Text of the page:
Considering the fact that so many kids could realistically answer “what the fuck is juice,” why don’t we just start banning all drinks that aren’t coffee, tea, and water? Oh wait, we banned bottled water (because you know, poor people can’t like sparkling). Because poor people have always been poor, and have never known otherwise, and they’ve never had nice things, like water that bubbles. And poor people don’t need to exercise choices over what food they eat and what food they prefer because poor people aren’t allowed to have preferences. We aren’t allowed to access nice things.

And access is what brings us to what’s wrong with the one “allowance” the author grants.

Instead, Use Stamps At The Farmer’s Market

The generic complaint against farmers’ markets is that the food is too expensive to serve everyone who needs food. But, lo and behold, SNAP recipients are legally allowed use their food stamps to purchase food at farmer’s markets. The practice is only now gaining popularity because paper food-stamp coupons have been replaced by special debit cards, and many farmer’s markets only accept cash. This is the kind of thing we would like to see more of: widespread access to healthy, fresh foods that are reasonably priced (on a good day). It certainly beats bottled water.

Well, gee gosh golly, why haven’t people just thought of strolling on down to the farmer’s market and buying the yummy fresh food there?

Here’s a reason – the quality of your farmer’s market varies by region, location – and what the seller’s think the market can afford. Last summer, I did an investigative piece for the American Prospect into farmer’s markets in the DC area. As a patron of the markets, and someone not currently on food stamps, I wondered exactly how far those double dollars went. I discovered:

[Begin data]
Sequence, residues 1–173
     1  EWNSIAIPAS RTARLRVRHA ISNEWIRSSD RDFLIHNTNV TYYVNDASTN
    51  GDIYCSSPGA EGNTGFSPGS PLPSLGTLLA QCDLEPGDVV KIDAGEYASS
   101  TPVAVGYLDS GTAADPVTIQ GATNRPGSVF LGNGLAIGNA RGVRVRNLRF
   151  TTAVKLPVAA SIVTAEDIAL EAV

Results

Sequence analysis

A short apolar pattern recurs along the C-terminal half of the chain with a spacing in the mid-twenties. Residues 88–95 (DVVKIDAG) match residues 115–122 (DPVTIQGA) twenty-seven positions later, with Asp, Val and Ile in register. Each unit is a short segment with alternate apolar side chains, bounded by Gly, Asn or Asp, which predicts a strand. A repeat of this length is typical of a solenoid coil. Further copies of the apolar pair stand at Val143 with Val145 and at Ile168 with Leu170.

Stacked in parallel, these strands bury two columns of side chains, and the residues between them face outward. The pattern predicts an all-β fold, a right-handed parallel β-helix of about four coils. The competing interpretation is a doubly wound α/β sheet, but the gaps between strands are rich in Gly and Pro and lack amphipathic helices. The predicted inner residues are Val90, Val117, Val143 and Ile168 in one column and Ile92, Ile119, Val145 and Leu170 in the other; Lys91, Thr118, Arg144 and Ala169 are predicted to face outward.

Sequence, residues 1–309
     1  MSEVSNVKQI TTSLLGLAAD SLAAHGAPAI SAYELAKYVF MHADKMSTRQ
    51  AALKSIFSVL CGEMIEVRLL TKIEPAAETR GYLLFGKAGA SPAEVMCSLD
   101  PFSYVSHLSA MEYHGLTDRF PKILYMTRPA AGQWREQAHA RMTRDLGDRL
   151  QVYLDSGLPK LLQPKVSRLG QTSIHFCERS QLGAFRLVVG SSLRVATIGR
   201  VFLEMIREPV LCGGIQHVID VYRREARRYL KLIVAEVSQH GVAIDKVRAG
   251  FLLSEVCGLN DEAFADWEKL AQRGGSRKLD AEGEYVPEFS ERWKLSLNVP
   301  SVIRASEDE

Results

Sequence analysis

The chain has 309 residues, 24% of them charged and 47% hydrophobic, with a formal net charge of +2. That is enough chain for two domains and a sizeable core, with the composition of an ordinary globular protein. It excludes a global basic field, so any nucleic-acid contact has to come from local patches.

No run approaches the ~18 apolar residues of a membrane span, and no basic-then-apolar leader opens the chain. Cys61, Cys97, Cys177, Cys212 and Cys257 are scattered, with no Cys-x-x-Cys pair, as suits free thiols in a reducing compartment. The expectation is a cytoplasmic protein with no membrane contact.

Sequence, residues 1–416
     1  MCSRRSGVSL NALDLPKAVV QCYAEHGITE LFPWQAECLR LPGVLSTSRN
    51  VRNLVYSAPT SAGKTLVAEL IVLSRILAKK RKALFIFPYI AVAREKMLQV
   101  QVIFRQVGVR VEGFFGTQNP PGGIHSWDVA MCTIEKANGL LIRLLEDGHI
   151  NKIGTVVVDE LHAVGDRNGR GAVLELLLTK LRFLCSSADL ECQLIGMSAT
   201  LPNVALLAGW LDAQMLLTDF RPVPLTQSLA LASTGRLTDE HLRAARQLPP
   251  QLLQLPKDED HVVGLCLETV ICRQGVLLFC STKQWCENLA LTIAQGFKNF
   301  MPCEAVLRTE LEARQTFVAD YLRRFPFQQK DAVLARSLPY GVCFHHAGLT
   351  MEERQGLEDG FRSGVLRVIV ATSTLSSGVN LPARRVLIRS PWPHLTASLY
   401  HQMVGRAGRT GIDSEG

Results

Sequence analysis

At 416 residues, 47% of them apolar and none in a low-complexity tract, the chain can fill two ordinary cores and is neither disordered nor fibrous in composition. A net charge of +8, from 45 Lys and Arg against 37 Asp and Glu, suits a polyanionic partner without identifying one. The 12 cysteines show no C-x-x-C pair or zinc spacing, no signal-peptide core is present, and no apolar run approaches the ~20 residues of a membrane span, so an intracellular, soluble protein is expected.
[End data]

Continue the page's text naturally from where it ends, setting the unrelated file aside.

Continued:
One of the major influences on how farmers markets function is a 1999 report called “Hot Peppers and Parking Lot Peaches: Evaluating Farmer’s Markets in Low Income Communities.” In it, Andy Fisher, on behalf of the Community Food Security Coalition, provides concrete steps for both market organizers and policy-makers to consider when trying to serve low-income populations. Some of his suggestions were heeded — the United States Department of Agriculture standardization and WIC cooperation were instituted in 1992 and greatly expanded in 2009. However, some basic steps are still in need of a champion. Fisher made three very important points yet to be addressed: Markets must tailor their offerings to “focus on basic food at affordable prices”; should pay attention to the availability of transportation and the market’s location; and must involve the community to provide a sense of ownership with the market.

Recent visits to markets near the White House and Silver Spring reveal a serious problem: It would be very difficult to put together a full meal for a family of four based on the selections available. Many items were exotic, not staples. Ground bison was running at $6.25 per pound, and ham retailed at $7.95 per pound. Hunting for side dishes was also a problem. Since prices varied by vendor, it took a keen eye and comparison shopping to find the best deals. One vendor charged $4.50 for approximately four asparagus spears, while another stall sold two hefty bundles for $7. A meal for four people consisting of 2 pounds of ham, two containers of baby potatoes, and two baskets of spinach retailed close to $34. Even with double dollars, at $15 it still may prove to be a stretch.